“Be careful,” she says and smiles again. “You’re starting to taste like regret.”
“And how does regret taste? I imagine it’s bitter.”
She shakes her head. “Then you’re mistaken. It’s not bitter. Regret tastes like dead roses and stale bread. Regret tastes like dust.”
I’ll admit it; I’ve been in kind of a rotten mood lately, what with the gloomy weather, multiple unfinished projects, and the daily train wreck that constitutes the national news. Last week I decided hell with it, I’m just going to grab a review copy of another collection of short stories, one with the darkest, most depressing title I could find, so there.
Dear Sweet Filthy World is the latest collection by Caitlín R. Kiernan. The twenty-nine stories (horror, fantasy, a little bit of sci-fi and a lot of erotica) were first published in Kiernan’s online ‘zine “Sirenia Digest”, so this is the first time they’ve been made available to anyone other than subscribers.
Readers looking for nice straightforward stories with a beginning-middle-end format should probably skip this one. Kiernan’s writing meanders all over the place, jumps backward and forward in time, and sometimes obsessively fixates on one particular topic, like the lonely hitchhiker in “Charcloth, Firesteel, and Flint” with her unexplained origin and her encyclopedic knowledge of all things fire.
In “Werewolf Smile” the narrator reminisces about a former lover and her growing obsession with an artist’s latest project, one that merges the Black Dahlia murder and a certain 18th century monster. This one appealed to me, partly because I’d just finished rewatching a movie about one of those topics (I won’t say which one), but I also liked the gradually increasing sense of unease, and the description of the final artwork.
Many of entries here are less stories and more vignettes, like “Down to Gehenna” a detailed study of Hell, or “Scylla for Dummies” about a lady in an aquarium tank, her worshippers and the sacrifices offered to her. And then there’s “Drawing from Life” and “Apsinthion”, both about men who redefine the word “cursed”, trapped in a toxic relationship, obsessing over what happened to them, trying to figure out how the hell they got into this in the first place.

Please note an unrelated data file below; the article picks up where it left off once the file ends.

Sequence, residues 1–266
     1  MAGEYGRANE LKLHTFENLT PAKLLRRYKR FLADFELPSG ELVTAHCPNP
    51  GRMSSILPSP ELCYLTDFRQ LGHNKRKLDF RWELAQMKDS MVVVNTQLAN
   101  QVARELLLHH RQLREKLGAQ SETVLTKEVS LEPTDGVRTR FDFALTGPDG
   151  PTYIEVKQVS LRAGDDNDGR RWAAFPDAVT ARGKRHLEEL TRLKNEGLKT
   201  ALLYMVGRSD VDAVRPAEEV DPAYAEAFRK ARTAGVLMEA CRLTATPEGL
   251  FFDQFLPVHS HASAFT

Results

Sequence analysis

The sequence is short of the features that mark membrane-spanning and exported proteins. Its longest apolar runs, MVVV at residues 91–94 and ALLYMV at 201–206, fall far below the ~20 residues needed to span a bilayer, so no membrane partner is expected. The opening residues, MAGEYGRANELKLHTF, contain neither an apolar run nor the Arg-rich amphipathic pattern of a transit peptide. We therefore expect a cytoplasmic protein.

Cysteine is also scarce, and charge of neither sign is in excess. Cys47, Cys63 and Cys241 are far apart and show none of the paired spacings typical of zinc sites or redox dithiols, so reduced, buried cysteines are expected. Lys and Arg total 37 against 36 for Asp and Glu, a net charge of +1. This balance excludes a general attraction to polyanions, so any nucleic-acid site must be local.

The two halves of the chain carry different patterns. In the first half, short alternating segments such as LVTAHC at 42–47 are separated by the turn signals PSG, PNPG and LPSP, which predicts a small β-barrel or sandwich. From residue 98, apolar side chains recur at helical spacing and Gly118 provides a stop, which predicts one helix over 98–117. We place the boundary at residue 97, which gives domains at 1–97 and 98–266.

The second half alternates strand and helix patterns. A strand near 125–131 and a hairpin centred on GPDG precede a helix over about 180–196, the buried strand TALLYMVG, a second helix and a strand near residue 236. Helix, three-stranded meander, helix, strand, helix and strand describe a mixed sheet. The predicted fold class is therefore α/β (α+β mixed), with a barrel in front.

If you want little snippets of horror without so much plot, “The Eighth Veil” is a first-person account of a no-nonsense woman waiting for information on a “job”. We never find out what that job is, because the entire point of the story is the awful bar she’s forced to wait in, and the gruesome show she’s forced to watch, and the horrible things people do when having enough entertainment to dull our misery becomes the only important thing in the world. Similarly, “The Carnival is Dead and Gone” is decadent, lavish, and gruesome, lingering over the details of a freakshow where science has a wide range of what it can transform people into.
“Three Months, Three Scenes, With Snow” reminds me of a Neil Gaiman short story, with impossible things being accepted as just another inconvenience, although a strange one, ending with an unexplained, satisfyingly Lovecraftian image.